• Directly in an envelop

If the market is in Green or Amber the need and market assessment should be coupled with cash feasibility assessments. The cash feasibility assessment will give an idea about potential delivery mechanism that would be appropriate to the context. The final decision should consider the cash risk analysis.

The cash feasibility assessment should explore

  • Financial institutions capacity;

  • Functionality and accessibility to the technology;

  • Organizational capacity to implement CTP and manage risk and;

  • Social issues and beneficiaries’ preference of cash over in-kind or vice versa

Key questions to be investigated

  • Can cash be delivered and spent safely?

  • What might the entry points for a response be?

  • Could our response harm the market?

  • Might there be multiplier effects for markets?

  • Anticipate risks (inflation, price distortion, security)

Phase 3: Risk analysis

In situations when market conditions are at green/amber and CTP is found to be feasible option, the agency should do the risk assessment considering the risk to the beneficiaries, agency and its staff that may arise due to institutional, programmatic or contextual risks. The response action by an organization; selection of CTP modalities and delivery mechanism are influenced by organization’s ability to take risk. Understanding risk will allow us to manage or control it. The good response programme shall look at possibility of mitigating risk through each CTP modality (both conditional and unconditional cash grant; Cash for Work; and cash/value voucher and commodity voucher) and various delivery mechanisms before choosing the best one or the combinations. The response decisions need to balance the risk and urgency of need for cash.

Phase 4: Response options analysis

The response options analysis is the stage to decide on programme design to meet the needs through logical conclusion based on phase 2 and 3. The pre-crisis response options influence speed and efficiency of response in the post-crisis situation.

Response option 2b: When the market after crisis can supply goods/services to meet the needs immediately (Scenario 1) or within a week (Scenario 2) and CTP is feasible and safe then market integrated response would best fit with the context. One week is considered to be the time required for the response implementation and for the cash received by the beneficiaries to reach market. Hence, practically, the scenario 2 is temporary phase and market situation will be at Scenario 1. Hence, both scenarios follow the same response option. The interventions could be one or more of the following:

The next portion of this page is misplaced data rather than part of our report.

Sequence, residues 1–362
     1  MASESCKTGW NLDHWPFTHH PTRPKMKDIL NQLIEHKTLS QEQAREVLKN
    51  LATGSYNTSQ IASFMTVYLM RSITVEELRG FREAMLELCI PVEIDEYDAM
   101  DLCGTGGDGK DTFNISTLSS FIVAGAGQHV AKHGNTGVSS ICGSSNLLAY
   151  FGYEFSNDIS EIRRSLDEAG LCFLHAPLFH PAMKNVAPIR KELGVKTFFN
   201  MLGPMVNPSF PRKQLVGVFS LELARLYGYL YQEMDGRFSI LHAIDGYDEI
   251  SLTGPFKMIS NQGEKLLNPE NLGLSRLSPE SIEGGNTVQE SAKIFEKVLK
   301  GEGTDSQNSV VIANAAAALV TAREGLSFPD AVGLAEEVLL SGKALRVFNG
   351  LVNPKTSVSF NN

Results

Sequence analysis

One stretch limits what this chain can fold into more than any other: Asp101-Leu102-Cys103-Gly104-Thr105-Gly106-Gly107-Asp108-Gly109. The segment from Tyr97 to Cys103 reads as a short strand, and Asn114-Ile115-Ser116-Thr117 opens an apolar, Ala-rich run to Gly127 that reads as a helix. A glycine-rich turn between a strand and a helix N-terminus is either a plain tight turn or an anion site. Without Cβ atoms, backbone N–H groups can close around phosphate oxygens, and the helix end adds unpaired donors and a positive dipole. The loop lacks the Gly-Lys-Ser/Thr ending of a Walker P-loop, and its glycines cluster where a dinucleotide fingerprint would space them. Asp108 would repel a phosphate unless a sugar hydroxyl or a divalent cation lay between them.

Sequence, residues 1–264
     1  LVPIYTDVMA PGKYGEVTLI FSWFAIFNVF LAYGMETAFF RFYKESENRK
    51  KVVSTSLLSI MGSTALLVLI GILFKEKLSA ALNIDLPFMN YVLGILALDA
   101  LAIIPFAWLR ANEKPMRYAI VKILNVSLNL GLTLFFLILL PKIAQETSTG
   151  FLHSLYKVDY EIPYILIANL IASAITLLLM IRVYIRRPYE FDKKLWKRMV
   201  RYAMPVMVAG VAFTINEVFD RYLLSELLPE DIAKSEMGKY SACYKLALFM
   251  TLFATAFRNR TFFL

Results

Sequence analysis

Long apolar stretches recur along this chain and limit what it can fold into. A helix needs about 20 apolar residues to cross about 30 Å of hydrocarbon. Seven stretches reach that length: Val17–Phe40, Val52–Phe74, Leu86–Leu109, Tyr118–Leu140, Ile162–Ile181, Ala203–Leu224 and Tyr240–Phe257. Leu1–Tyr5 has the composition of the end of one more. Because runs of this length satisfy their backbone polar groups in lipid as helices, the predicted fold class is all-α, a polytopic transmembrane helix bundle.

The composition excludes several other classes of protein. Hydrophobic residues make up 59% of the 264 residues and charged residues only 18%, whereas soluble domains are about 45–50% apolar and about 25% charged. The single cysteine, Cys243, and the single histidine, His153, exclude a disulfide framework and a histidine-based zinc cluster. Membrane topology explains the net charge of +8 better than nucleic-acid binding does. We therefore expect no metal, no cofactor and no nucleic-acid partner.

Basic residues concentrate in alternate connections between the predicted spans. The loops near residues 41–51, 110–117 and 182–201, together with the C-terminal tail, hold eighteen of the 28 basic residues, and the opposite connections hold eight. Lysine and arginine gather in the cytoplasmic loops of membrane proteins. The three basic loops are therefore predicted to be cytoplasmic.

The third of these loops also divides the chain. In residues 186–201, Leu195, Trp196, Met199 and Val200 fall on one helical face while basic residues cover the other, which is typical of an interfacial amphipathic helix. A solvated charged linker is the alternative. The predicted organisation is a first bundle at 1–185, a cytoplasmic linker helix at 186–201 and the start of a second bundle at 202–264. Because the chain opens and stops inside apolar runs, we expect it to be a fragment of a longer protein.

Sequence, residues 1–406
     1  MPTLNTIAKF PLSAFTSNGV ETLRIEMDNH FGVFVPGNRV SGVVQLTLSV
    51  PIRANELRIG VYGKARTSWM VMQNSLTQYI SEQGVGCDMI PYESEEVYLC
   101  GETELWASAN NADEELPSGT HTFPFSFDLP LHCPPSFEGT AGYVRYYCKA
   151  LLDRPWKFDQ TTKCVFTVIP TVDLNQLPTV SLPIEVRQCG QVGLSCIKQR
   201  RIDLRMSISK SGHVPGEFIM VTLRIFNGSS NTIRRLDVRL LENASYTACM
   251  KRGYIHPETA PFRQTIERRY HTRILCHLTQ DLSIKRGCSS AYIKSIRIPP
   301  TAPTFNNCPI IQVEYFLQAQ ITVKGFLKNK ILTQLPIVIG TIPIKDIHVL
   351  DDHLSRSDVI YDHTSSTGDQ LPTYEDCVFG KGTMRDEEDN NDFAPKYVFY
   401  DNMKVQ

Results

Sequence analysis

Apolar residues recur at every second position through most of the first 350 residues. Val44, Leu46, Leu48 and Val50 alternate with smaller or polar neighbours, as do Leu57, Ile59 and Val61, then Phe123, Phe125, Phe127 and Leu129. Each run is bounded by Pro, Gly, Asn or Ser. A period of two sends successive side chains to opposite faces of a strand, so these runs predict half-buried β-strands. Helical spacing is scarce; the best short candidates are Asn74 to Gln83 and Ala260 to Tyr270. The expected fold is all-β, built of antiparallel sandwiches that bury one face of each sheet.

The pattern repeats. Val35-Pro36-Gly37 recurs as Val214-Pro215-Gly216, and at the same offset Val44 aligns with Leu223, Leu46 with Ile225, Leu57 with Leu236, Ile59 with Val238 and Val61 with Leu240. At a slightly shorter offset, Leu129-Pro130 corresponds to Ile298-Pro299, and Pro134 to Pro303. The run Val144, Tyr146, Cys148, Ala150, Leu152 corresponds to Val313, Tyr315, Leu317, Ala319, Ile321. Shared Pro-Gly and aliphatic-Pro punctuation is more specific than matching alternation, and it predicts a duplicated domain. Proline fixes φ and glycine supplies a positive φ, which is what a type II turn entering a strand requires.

• Cash grant or Cash for Work for affected families through partners and pure traders

  • Voucher programme

  • Market fair involving local traders

Response option 3: When the local area market has some capacity but needs support to supply the commodities/services to quantity and to quality to address target groups’ needs (Scenario 3) then supporting local traders would turn Amber to Green, if not supported then Amber market situation may turn into Red as the time passes. The interventions in this situation would be one or more of the following:

  • Support beneficiary traders (loan, grant, transport subsidies, temporary storage, rehabilitation of ware house, etc) to rebuild market

  • Distribute cash through beneficiary traders

  • Voucher programme through beneficiary traders

*Currently, using Bank to deliver cash in Bangladesh has several challenges as there is no provision for zero balance account & opening an account is complicated. This would require advocacy by the humanitarian agencies to influence policy. However, Bank or other financial service providers can still facilitate cash distribution through their branches or agents.

**Most common form of delivering cash through third party in Bangladesh, despite having mobile bank account is lengthy process and the maximum cash that can be transferred using mobile is TK30,000. The cases of agent charging commission from beneficiaries have been reported in several instances.